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A Word from the Academy President
Un mot du Président de l'Académie
August 2015
août 2015
Dear Colleagues,

It has been a distinct honour and privilege to have served you as President of our Academy of Science. My mandate commenced at the Royal Society of Canada Annual General Meeting (AGM) held in picturesque Banff in November of 2013 and finished at our recent AGM which took place in tranquil Victoria in late November 2015. Jamal Deen from McMaster University officially assumed the post of President just before the end of our highly spirited and well-attended Academy of Science Annual Business Meeting which took place during the morning of Saturday, November 28th at the spectacular Fairmont Empress Hotel. Read the message from the President.
Featured Articles
Articles en vedette
A Report on the Academy of Science Annual Business Meeting, Victoria, BC, 28 November, 2015
Jacques Derome, Secretary, Academy of Science
There was a lot of sustained, lively discussion at the last Academy of Science Business meeting, to the point that one Fellow remarked to me later that this had been one of the most interesting business meetings he had ever attended - not bad for an Academy business meeting. The interest was due in part to the quality of the interventions, but also to the importance of the topics being discussed, so I hope this summary will also be of interest to the entire Fellowship. Read more
From the Biologists' Benches to Business and Brokerage
Peter Kevan, University of Guelph
Over 20 years ago, Dr. John Sutton and I started thinking about using managed pollinators (honeybees and bumblebees) to carry microbiological control agents from hive mounted dispensers to flowering crops where the agents might suppress pestiferous fungi, such as grey mould. He had isolated strains of the common and native fungus Chlonostachys rosea which is not a pest but is a natural antagonist to other fungi, including crop pathogens.

We did that successfully using honeybees to carry spores of C. rosea to the flowers of strawberries and using bumblebees to carry them to the flowers of raspberries. The spores of C. rosea germinate on the developing fruit but are otherwise benign. Once the fruit ripen and grey mould (Botrytis cinerea) would be expected to colonize and develop, the effect of C. rosea was evident, grey mould was suppressed. Read more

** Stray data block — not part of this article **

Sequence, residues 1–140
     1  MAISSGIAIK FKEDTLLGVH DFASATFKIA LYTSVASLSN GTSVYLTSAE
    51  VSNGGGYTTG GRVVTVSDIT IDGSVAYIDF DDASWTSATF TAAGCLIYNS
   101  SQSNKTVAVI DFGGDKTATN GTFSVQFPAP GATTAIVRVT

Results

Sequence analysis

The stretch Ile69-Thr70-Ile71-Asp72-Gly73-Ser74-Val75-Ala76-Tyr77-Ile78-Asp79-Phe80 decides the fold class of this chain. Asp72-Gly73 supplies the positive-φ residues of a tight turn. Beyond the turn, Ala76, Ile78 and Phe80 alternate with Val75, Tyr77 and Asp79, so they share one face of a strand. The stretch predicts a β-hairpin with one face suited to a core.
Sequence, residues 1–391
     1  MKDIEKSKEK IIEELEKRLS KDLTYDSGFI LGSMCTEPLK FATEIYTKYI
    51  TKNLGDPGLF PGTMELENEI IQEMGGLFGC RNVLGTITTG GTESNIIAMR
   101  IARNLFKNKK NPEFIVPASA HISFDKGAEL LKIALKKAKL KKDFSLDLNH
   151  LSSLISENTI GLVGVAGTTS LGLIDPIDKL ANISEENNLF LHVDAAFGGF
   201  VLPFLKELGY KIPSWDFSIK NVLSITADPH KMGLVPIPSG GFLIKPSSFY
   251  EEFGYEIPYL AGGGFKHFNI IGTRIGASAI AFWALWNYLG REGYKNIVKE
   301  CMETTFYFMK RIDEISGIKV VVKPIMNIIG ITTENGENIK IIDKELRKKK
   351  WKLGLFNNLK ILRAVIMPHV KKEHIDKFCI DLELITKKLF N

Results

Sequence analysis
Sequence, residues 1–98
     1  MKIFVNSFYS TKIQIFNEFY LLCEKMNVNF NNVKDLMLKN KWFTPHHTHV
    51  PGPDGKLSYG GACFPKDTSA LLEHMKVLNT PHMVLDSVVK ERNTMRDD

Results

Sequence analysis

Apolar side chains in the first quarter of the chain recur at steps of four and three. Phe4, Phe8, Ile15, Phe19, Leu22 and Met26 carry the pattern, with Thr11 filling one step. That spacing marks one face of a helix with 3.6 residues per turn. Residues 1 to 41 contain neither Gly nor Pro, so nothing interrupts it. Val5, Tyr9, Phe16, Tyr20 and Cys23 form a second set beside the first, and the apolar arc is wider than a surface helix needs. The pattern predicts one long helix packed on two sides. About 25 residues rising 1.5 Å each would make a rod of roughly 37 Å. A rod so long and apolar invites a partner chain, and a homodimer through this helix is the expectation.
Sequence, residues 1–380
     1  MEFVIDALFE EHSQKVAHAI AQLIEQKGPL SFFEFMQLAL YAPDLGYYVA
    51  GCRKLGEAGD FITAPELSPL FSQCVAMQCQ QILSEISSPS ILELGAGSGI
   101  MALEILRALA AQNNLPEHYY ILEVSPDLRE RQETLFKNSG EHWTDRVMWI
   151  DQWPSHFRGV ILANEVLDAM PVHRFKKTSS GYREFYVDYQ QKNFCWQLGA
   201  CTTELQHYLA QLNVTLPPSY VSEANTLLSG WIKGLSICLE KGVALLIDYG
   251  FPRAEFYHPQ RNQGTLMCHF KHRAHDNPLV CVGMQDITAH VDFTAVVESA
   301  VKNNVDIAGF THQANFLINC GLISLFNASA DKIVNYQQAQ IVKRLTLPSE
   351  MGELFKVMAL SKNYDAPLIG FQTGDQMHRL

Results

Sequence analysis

Muthukumaran Packirisamy, Concordia University
Need for Micro-Bridging: As per Nobel Laureate Philip Sharp, the third revolution [1] in life sciences that can tackle the existing challenges in studying Brain and nervous systems, cardiovascular systems, cancer diagnosis, commercializing of ideas from lab to clinics or training of personnel can happen only through collaboration of life scientists, physical scientists and engineers as seen in Figure 1, which could explore the synergy that exists at the fundamental level between life sciences, physical sciences and engineering. The newly emerging fields of nano-bio technology, synthetic biology, bio-informatics, genetic engineering and tissue engineering are examples of this fundamental convergence of these fields. Read more
Frank C.J.M. van Veggel, University of Victoria
Before I will describe my current research I would like to state that I am absolutely flattered by being elected as a fellow of the RSC.
My current research deals with nanoparticles that act as contrast agents for MRI (Magnetic Resonance Imaging) of cancer. The prime reason for me to work on this is to provide oncologists and surgeons with better information of the exact location of the tumour and its shape. The location and exact shape are both important for radiation therapy because the (external) X-ray radiation must be localized in the tumour, so as to spare healthy tissue (50% of all cancer treatment involve ionising radiation). This information is also important for a surgeon because the resection should remove the whole tumour, so in practise the surgeon would cut a little bit larger than the tumour, but of course the surgeon doesn't want to make a big hole. Read more

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